Soul on Islam is the first book written by Ahmad Maceo Eldridge Cleaver, the son of best selling author Eldridge Cleaver. This book is an informative memoir sketching his life with his parents, activists in America's civil rights movement, including details of their life in Algeria, where he was born, France and in America. Then the book continues to unfold and gives the reader a very moving and beautifully put description of how the author came to embrace Islam twelve years ago. He has spent nearly a decade living and traveling amongst the Muslims in countries in the Arabian Peninsula and in Africa and in the book he shares some of the stories and scenes that he has passed through while living in Sudan and in Qatar.—Publisher

 

Although Soul on Islam is a personal, insider's view of one of America's famous "militant" families, the author offers that there are some universal percepts to be learned from his experiences. Thus through a series of short letters and essays, he outlines a worldview predicated on the idea that all human beings come from one place and are ultimately programmed to serve the one Creator. By taking this approach, Ahmad Cleaver attempts to bridge the schisms created by humanity that are based on race, color, ethnicity, gender, national origin or any other category used to divide us from one another and our true nature as human beings. Consequently he begins by telling his own story, but ends telling the conversion stories of Muslins from a diversity of backgrounds.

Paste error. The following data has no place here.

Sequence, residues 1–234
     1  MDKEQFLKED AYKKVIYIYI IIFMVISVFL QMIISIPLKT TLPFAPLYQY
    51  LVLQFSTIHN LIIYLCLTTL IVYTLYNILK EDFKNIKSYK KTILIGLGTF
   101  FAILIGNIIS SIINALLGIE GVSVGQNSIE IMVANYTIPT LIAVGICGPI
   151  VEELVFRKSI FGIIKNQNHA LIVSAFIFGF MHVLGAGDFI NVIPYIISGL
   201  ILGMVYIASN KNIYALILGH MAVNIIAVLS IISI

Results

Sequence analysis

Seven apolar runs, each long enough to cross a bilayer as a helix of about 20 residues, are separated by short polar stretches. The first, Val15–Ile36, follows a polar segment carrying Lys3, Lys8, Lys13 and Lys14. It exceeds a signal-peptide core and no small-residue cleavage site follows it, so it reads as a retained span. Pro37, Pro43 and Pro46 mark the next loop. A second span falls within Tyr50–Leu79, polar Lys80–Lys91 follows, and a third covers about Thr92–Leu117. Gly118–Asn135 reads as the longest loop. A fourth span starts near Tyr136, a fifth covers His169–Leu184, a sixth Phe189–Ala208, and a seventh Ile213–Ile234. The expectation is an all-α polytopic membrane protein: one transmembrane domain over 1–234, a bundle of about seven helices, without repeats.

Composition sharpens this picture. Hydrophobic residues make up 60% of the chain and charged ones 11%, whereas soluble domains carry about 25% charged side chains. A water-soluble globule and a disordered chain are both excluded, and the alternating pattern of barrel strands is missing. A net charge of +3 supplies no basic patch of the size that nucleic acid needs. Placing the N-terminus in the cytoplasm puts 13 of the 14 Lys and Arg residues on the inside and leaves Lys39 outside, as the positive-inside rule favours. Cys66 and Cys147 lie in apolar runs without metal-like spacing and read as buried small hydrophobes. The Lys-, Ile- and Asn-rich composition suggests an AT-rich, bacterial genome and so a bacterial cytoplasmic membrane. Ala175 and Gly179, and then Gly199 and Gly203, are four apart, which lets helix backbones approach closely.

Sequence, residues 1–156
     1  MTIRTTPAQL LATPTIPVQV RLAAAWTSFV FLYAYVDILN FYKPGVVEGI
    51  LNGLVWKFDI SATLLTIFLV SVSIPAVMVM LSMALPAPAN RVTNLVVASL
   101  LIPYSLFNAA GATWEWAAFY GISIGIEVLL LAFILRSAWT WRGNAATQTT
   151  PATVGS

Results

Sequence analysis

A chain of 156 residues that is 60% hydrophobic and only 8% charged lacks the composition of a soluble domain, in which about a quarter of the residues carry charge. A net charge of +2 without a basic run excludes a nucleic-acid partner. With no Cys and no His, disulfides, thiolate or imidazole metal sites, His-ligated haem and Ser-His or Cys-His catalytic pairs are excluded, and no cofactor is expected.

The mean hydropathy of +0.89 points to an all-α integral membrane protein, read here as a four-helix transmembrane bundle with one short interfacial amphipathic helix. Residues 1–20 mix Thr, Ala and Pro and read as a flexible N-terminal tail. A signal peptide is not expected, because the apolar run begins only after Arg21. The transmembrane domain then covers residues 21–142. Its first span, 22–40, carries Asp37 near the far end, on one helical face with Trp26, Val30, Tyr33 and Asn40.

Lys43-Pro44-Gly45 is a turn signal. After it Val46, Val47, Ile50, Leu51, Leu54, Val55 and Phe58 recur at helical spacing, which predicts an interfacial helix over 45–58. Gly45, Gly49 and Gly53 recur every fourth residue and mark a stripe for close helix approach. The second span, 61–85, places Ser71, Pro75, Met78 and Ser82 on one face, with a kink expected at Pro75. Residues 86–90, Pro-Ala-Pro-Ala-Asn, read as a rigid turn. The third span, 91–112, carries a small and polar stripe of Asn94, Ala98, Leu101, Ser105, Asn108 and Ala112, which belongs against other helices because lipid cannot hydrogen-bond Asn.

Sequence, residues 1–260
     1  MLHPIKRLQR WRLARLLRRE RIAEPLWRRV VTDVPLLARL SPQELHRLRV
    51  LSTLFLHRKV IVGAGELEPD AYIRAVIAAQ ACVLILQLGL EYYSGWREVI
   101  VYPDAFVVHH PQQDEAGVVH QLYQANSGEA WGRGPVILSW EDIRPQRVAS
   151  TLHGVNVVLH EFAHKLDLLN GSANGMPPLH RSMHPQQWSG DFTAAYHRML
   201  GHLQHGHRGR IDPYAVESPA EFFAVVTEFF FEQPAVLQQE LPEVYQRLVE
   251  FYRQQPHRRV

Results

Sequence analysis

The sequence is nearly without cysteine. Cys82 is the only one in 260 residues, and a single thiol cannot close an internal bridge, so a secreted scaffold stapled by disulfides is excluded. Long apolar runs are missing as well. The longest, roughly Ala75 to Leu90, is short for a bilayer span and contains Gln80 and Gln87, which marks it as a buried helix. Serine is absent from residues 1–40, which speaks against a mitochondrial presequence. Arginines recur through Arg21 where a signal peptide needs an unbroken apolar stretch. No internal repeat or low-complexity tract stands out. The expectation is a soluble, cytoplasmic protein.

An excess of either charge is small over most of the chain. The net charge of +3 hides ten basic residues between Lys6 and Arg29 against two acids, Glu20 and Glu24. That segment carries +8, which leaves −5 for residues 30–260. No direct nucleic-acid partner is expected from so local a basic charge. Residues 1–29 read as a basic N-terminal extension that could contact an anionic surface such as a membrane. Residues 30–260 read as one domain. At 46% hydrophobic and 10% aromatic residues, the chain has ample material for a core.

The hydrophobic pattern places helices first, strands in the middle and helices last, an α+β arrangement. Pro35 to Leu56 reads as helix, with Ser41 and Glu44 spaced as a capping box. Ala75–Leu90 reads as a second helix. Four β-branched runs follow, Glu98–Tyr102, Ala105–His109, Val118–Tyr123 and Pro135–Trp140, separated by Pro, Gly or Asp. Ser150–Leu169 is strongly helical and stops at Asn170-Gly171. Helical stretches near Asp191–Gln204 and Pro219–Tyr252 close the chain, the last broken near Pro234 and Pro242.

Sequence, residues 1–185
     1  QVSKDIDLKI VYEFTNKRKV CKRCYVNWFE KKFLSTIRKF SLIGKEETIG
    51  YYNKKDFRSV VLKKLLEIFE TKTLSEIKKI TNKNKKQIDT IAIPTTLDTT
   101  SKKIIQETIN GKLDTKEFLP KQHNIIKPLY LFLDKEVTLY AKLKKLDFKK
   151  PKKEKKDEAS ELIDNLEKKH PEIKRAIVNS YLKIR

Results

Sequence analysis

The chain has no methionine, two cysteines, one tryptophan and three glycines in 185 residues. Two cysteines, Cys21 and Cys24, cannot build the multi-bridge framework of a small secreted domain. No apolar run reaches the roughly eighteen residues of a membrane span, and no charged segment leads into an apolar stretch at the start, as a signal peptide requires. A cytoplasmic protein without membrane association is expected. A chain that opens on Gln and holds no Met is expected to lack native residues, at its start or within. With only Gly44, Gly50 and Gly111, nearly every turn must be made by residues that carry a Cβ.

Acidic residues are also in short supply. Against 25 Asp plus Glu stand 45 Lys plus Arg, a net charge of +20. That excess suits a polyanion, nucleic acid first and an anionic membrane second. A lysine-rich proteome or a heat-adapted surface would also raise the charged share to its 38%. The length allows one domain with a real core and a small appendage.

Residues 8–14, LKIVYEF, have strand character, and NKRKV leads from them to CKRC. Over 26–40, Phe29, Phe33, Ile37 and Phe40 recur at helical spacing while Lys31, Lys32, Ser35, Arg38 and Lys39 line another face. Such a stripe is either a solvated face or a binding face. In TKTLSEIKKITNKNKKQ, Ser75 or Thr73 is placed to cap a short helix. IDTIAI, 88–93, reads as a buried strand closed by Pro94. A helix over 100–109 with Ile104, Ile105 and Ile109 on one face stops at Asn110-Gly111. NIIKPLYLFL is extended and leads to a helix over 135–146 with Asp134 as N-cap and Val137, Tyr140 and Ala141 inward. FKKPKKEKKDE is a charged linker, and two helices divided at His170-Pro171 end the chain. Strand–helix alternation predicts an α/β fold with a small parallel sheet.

Like myself, you will likely not agree with absolutely everything that Ahmad Cleaver says about Islam, the African-American struggle and the Sixties. However, you are likely to come away with a greater appreciation for the striking similarities between the struggles of the youth of today and the struggles of the youths who came up during the heyday of the Black Panther Party. —Dr. James E. Jones, Chair of World Religions, Manhattanville College

 

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Guarding the Flame of Life (Kalamu ya Salaam) / Toni Morrison Presses For Writers' Freedoms (audio)

New Orleans Jazz Funeral for tuba player Kerwin James / They danced atop his casket Jaran 'Julio' Green

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The Price of Civilization

Reawakening American Virtue and Prosperity

By Jeffrey D. Sachs